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Community forum: no pot sales in Bayfield
7/19/2013 By: Carole McWilliams
Music in the Mountains, left, brought its brass quintet to First National Bank of Durango on Monday. The classical music festival continues throughout July 29. Tickets and information are online at www.musicinthemountains.com.
No one speaks in favor of retail marijuana sales in town
By Carole McWilliams
Times senior staff writer
The 10 people who showed up for the July 11 community forum on marijuana businesses in Bayfield were totally against any such thing.
The town hosted the meeting to get feedback in response to voter approval last November of Amendment 64 making possession and use of limited quantities of recreational marijuana legal for people age 21 and older in Colorado.
The town will host another forum on Tuesday, July 30.
Last week's meeting was fairly short, since there was no disagreement on the possibility of marijuana businesses in Bayfield.
Town Manager Chris La May said that under Amendment 64, businesses could include retail sales, commercial cultivation, testing, or production of infused products.
The State Department of Revenue had to adopt regulations governing these businesses by July 1, La May said, and local governments have until Oct. 1 to ban these businesses or designate a local official responsible for licensing. If they don't ban these businesses, they must decide which types of businesses to allow and what sorts of fees and restrictions to impose, he said.
Statewide voters will decide in November whether to impose a 10 percent sales tax on top of the current 2.9 percent state sales tax on retail marijuana sales, and a 15 percent excise tax on cultivation. Town voters could be asked whether to impose additional town sales tax or add an excise tax on retail sales if they are allowed, La May said.
He asked for a show of hands of who wanted to ban marijuana businesses. All audience members raised their hands.
La May expects town trustees to discuss all this in August, with some sort of decision before Oct. 1.
Audience member Ray Wallace said, "I've been here five years. By far the people I've talked to are against retail marijuana. I understand there's some tax money involved. Why don't we just legalize prostitution instead," he joked.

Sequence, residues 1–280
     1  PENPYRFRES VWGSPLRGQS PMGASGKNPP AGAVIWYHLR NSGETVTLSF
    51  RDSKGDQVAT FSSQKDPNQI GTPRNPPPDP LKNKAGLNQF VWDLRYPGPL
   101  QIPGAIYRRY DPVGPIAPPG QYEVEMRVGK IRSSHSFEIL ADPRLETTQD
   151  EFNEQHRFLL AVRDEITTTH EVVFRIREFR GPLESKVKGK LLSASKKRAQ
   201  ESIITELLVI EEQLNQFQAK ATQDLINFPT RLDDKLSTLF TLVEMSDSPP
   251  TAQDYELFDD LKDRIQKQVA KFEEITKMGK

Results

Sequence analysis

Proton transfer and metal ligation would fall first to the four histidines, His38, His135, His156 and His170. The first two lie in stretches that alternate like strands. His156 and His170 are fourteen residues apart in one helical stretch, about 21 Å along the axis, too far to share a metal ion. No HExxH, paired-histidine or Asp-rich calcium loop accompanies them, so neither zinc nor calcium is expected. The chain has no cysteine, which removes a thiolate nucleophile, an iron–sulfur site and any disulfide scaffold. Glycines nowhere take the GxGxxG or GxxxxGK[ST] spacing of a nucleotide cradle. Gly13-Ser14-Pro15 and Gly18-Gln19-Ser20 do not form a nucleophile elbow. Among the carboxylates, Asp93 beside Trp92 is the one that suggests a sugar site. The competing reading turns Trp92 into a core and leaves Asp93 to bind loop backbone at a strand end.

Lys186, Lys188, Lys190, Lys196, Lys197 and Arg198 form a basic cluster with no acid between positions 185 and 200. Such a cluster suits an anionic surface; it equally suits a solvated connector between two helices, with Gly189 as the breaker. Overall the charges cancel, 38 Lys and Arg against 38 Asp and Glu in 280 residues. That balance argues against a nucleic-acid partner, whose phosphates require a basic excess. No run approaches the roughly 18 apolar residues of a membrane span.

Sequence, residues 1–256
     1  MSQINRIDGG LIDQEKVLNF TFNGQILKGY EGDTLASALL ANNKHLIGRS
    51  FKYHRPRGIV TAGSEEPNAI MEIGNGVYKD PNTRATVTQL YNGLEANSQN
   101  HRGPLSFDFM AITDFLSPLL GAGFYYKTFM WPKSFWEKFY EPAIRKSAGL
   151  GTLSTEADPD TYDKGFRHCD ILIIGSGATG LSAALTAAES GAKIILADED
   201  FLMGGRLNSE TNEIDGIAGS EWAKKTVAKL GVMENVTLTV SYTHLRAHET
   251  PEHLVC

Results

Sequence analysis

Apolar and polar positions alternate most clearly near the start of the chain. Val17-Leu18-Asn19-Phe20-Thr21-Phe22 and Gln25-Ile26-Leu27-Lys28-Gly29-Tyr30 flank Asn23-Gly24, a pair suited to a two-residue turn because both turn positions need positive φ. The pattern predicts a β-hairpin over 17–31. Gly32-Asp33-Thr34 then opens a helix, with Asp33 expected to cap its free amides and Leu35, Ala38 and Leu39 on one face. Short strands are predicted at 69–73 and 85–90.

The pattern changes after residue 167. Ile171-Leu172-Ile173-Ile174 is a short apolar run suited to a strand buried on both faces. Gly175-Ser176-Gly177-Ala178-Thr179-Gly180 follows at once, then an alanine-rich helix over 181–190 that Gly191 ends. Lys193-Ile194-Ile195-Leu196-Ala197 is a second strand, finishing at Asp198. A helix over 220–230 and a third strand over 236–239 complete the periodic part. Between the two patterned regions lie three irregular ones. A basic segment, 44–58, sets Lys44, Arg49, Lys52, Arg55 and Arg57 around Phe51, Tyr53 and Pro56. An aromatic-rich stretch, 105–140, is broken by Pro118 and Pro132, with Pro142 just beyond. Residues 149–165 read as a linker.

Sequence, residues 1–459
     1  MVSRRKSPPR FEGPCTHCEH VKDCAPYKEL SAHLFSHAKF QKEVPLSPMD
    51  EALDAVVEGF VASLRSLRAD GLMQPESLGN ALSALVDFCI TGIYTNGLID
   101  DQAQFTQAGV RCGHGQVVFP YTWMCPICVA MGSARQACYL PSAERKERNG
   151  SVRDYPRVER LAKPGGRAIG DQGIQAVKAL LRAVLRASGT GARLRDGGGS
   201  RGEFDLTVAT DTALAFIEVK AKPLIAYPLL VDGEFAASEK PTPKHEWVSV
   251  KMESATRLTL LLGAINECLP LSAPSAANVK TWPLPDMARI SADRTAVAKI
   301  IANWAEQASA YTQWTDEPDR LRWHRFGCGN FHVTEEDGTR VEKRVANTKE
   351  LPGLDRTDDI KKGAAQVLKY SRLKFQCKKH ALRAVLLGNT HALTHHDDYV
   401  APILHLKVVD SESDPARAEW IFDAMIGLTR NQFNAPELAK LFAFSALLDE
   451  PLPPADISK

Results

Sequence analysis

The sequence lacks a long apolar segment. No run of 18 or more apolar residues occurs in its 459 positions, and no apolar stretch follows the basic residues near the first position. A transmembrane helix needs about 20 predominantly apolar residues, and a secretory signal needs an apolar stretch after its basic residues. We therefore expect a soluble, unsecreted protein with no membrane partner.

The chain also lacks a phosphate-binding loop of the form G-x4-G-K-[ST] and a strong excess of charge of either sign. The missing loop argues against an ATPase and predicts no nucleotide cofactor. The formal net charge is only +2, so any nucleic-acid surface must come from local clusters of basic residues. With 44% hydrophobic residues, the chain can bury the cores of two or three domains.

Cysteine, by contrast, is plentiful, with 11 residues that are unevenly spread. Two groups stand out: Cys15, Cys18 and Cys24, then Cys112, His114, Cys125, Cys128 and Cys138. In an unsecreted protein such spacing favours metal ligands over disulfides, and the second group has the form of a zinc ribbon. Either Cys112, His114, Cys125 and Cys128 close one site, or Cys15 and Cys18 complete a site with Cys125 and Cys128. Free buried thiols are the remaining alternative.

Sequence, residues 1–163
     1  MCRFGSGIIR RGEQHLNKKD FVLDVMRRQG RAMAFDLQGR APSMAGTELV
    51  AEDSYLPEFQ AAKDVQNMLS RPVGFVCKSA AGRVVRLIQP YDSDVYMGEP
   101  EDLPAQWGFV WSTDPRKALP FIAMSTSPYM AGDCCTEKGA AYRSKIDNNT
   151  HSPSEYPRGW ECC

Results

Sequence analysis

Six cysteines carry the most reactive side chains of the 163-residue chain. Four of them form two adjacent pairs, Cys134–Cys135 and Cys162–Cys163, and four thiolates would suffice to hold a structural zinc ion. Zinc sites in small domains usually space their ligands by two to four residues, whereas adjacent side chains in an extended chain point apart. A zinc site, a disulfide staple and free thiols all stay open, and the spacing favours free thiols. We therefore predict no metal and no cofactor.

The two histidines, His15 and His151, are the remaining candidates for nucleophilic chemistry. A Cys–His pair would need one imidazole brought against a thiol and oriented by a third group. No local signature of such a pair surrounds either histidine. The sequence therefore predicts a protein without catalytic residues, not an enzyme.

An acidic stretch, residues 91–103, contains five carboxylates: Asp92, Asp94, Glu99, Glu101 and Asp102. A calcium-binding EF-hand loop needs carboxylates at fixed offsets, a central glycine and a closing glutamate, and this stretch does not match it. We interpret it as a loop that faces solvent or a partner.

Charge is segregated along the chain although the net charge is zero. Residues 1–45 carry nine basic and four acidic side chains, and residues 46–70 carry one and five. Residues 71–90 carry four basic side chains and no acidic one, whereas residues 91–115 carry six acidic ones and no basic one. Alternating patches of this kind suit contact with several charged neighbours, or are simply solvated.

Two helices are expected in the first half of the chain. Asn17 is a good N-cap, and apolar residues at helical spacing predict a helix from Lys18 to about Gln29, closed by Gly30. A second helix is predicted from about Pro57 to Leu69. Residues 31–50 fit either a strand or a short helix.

He argued for a ban on marijuana businesses. "It's all over the county, and people can grow it at home," he said.
Pauline Beaver cited her experience as a registered nurse in California. "When people come off this stuff, we have to put them in 4-point restraints with ativan drips. They are stark raving lunatics. I’ve seen it. They are violent."
Ignacio area rancher and former state representative J. Paul Brown said that marijuana possession and use is "still a federal crime. I was on the health committee in the legislature. They gave a presentation on the effects of marijuana. It scared me to death. It’s bad, bad stuff! People try to compare it to alcohol. To me there’s no comparison."
Bayfield resident Bob Kennedy said he's been doing drug and alcohol counseling at the county jail for five years. "They know they are hooked. It (THC, the psychoactive ingredient in marijuana) stays in your system for 30 days. You build it up."
Catholic Deacon John O'Hare read off a long list of dire effects from marijuana use, that he attributed to the Center for Recovery Inc.
"What I hear over and over is they (users) start on marijuana and advance from there," O'Hare said. From the list, he said THC over-activates a person's system and impairs thinking, coordination, and memory. It can more than double a driver's risk of a crash, and the risk is even higher if combined with alcohol, he said.
It can seriously damage still-developing teen brains, he said, with a long-lasting decrease in cognitive abilities. He cited a connection with mental illness, including depression and suicidal thoughts. It can be addictive by affecting the brain’s reward centers, O'Hare said, and the likelihood of addiction increases the younger a person starts using marijuana.
"I've seen these symptoms in jail over and over. The same in New Mexico. You start with marijuana and progress from there," O'Hare said.
Wallace said, "The youngest one (counseling client) I had said he used to smoke with his grandma when he was five years old."
Cookie Hoselton said she has grandkids here, including two at Bayfield High School. "My grandson said it's a problem at BHS," she said.
Wallace asserted, "There's a documented increase in high schools in states that have legalized it." He said that in May 2010, around 90 people showed up for a town board meeting on whether to allow medical marijuana businesses, "and most were against it. Most were from in town."
Many of these sorts of meetings draw a lot of out-of-town residents.
The Times reported on that May 2010 meeting:
Ninety-eight people packed into the town hall meeting room and entry way, by fire department count, just short of the 102 where people would be turned away.
Thirty-two people commented for and against dispensaries in the hour allotted before the town board meeting started. Sixteen spoke for dispensaries, including emotional personal testimony on the benefits of medical marijuana; and 16 people spoke against or wanted a delay in the vote.
Trustees then voted 5 to 1 not to allow medical marijuana businesses in town.
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